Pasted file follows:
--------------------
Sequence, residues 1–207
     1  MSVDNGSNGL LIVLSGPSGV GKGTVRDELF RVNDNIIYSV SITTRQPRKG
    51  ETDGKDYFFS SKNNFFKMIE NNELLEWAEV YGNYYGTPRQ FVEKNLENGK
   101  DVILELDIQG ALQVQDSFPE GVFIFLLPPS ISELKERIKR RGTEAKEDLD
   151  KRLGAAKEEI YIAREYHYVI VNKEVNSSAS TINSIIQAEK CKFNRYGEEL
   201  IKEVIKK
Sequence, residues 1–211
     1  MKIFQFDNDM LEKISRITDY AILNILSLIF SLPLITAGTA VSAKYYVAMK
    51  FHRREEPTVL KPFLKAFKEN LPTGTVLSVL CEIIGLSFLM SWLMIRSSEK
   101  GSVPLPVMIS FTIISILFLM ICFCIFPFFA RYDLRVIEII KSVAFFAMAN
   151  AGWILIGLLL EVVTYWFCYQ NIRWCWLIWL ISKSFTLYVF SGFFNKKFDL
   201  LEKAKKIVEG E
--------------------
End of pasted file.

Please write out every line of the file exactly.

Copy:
Sequence, residues 1–207
     1  MSVDNGSNGL LIVLSGPSGV GKGTVRDELF RVNDNIIYSV SITTRQPRKG
    51  ETDGKDYFFS SKNNFFKMIE NNELLEWAEV YGNYYGTPRQ FVEKNLENGK
   101  DVILELDIQG ALQVQDSFPE GVFIFLLPPS ISELKERIKR RGTEAKEDLD
   151  KRLGAAKEEI YIAREYHYVI VNKEVNSSAS TINSIIQAEK CKFNRYGEEL
   201  IKEVIKK
Sequence, residues 1–211
     1  MKIFQFDNDM LEKISRITDY AILNILSLIF SLPLITAGTA VSAKYYVAMK
    51  FHRREEPTVL KPFLKAFKEN LPTGTVLSVL CEIIGLSFLM SWLMIRSSEK
   101  GSVPLPVMIS FTIISILFLM ICFCIFPFFA RYDLRVIEII KSVAFFAMAN
   151  AGWILIGLLL EVVTYWFCYQ NIRWCWLIWL ISKSFTLYVF SGFFNKKFDL
   201  LEKAKKIVEG E